Why Christians Should Stop Running Away from “The Shack”
Once again Christianity is in an uproar. This time, the cause is a movie based on the best selling book, “The Shack”. Christians are calling it heresy, saying that it should be avoided as if it were pornography and to that, I have to say, once again, Christians are overreacting. But Aaron, “The Shack” not only contains false doctrine, but gives a misinterpretation of God. Well, I’m not saying that it does or doesn’t, I’m saying it doesn’t matter.
If Christians shouldn’t go see “The Shack” then they shouldn’t go to church either. The amount of false doctrine and misinterpretations of God that may exist in this two hour film pale in comparison to the amount that is spoken from the pulpit on a weekly basis. What’s more dangerous—a movie that presents false doctrine as fiction or a pastor that presents false doctrine as truth? A Christian who avoids “The Shack” won’t be able to avoid the false doctrines and misinterpretations of God and they will undoubtedly come across it from the churches they attend, the worship songs they listen to, the books they read, and the speakers they listen to. Name whatever pastor, author, worship leader that comes to mind and it can be assured that they don’t possess a perfect doctrine. Yet, if I told you to stop going to their church, reading their books, or listening to their songs, you’d say I was being unfair.
A Christian who is getting their faith from a movie is no different from a Christian who is getting their faith from a church. False doctrine shouldn’t sway a Christian, whether it comes from a movie or the pulpit, because every Christian should hold up every sermon they hear, book they read, worship song they listen to next to the Bible to see if it checks out. Instead of encouraging our Christian friends to not see “The Shack” we should encourage them to read their Bibles daily, because that is the only protection we as Christians have against false doctrine.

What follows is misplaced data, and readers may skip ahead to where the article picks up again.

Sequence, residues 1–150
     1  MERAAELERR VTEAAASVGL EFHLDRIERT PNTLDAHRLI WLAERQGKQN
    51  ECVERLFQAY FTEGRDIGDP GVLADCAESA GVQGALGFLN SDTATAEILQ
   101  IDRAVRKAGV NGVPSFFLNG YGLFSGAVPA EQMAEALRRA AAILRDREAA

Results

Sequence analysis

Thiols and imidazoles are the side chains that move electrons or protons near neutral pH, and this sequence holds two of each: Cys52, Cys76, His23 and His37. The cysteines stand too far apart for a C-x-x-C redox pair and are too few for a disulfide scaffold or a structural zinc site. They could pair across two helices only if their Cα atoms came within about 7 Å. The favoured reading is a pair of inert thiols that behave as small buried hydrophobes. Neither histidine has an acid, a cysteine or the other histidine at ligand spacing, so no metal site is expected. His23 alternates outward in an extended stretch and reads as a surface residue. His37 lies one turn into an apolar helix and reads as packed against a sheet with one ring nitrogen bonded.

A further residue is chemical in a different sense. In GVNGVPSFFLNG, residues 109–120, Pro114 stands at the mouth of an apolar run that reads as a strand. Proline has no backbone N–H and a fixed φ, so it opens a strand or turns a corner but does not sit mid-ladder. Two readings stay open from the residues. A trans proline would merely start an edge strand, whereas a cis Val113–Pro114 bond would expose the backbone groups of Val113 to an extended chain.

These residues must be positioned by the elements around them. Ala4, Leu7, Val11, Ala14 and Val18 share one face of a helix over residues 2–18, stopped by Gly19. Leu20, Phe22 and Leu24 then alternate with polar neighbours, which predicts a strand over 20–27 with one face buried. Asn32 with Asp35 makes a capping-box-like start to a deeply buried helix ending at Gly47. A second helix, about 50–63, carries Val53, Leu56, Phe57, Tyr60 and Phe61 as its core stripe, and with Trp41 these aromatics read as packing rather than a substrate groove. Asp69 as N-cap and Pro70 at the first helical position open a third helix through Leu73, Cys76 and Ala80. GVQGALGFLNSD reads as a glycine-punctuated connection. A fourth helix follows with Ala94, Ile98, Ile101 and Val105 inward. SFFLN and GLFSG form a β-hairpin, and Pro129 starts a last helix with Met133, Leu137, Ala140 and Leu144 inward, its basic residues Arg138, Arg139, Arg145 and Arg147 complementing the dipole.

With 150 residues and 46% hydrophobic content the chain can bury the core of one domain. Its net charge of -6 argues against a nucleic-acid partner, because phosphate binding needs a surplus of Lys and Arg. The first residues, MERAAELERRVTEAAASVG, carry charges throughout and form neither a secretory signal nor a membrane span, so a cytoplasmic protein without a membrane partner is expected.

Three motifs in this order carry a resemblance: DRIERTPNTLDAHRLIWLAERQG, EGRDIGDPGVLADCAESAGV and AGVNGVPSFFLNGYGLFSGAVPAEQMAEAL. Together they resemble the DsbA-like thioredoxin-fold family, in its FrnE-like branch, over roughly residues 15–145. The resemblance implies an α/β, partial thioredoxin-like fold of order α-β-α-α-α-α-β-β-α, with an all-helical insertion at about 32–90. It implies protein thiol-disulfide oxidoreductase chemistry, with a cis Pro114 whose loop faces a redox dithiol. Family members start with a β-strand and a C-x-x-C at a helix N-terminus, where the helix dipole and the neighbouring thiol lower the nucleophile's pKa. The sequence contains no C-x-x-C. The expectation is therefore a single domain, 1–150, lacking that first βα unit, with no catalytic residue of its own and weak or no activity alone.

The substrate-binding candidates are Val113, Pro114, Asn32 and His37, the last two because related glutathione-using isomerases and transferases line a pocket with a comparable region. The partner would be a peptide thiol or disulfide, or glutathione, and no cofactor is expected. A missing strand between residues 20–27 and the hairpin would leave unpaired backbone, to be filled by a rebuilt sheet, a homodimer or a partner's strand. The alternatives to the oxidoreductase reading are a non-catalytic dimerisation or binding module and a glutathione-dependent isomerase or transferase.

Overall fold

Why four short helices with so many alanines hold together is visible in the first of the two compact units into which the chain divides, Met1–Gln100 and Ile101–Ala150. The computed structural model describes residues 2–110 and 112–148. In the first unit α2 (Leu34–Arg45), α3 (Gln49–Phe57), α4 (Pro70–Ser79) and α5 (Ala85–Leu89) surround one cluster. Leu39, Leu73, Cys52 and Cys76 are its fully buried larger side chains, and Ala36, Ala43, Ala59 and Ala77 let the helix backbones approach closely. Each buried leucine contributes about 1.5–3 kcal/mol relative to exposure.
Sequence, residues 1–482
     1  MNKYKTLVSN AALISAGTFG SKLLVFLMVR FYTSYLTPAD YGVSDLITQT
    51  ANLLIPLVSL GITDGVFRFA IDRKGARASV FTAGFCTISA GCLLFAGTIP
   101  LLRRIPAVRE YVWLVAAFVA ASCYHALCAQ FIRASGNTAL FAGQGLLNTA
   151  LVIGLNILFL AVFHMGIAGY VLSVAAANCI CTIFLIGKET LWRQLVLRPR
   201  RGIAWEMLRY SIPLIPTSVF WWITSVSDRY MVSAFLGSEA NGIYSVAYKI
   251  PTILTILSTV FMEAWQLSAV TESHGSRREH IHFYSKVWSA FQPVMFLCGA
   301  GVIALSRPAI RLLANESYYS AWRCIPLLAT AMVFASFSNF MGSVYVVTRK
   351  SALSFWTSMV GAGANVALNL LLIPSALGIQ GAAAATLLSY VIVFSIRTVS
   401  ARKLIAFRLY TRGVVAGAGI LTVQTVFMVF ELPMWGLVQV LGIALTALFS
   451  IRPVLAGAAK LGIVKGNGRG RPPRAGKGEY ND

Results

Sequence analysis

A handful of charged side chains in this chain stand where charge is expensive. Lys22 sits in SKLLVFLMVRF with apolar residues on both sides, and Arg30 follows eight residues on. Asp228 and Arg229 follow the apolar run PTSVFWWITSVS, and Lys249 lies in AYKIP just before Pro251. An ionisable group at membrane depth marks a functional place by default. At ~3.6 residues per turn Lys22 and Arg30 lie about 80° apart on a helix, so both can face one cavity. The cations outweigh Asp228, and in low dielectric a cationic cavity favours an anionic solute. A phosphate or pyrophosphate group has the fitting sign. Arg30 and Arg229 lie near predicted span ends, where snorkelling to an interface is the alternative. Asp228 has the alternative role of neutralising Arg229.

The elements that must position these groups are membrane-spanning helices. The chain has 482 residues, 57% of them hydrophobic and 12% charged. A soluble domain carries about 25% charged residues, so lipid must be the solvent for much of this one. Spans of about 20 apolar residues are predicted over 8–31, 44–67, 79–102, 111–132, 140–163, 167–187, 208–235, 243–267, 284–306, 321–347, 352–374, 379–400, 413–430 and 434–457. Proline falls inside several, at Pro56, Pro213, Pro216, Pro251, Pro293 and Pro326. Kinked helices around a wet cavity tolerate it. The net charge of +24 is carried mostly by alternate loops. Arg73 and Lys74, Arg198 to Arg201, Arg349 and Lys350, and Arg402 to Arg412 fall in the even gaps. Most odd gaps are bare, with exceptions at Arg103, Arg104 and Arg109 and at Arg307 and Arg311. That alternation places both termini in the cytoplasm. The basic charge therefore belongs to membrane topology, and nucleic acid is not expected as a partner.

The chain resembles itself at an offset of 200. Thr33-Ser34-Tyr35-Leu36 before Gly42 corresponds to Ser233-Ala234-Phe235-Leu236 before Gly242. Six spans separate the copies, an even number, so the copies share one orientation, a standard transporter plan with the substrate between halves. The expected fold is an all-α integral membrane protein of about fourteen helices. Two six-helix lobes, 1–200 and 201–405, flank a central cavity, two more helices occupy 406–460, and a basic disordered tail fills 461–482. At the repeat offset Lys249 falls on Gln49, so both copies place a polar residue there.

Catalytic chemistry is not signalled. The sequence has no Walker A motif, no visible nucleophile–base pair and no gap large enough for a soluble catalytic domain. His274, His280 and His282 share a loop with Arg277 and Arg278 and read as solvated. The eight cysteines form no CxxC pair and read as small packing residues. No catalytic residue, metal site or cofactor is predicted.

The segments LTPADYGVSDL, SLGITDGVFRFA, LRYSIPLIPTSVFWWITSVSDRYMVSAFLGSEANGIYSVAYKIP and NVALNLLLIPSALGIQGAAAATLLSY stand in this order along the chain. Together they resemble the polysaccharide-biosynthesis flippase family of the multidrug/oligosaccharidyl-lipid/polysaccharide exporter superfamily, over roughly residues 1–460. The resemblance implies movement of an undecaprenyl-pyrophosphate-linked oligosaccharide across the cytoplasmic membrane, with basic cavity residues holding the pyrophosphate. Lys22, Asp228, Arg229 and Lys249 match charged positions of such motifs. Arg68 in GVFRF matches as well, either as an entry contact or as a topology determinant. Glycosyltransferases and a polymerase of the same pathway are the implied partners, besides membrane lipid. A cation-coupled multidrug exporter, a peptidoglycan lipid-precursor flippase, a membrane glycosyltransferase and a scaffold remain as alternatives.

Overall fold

Again, “The Shack” is fiction, but what is not fictional is the positive impact the film can have on non-believers who see it. A Christian movie that portrays God as a black woman, Jesus as a middle eastern carpenter, and the Holy Spirit as an Asian woman shows the world that not all Christians are close minded as it likes to think. This alone will draw many non-believers to the film, meaning that they voluntarily will expose themselves to Christ. And, any exposure to Christ is good exposure. Another positive is the underlying message of the film that is being grossly overlooked, which is healing from your past only happens after you face your past. Until the main character returned to the shack—the site of his sizable hurt—he was he able to heal from it. We all have a shack that we need to go back to in order to find healing. So, maybe Christians should stop avoiding “The Shack” and start returning to it.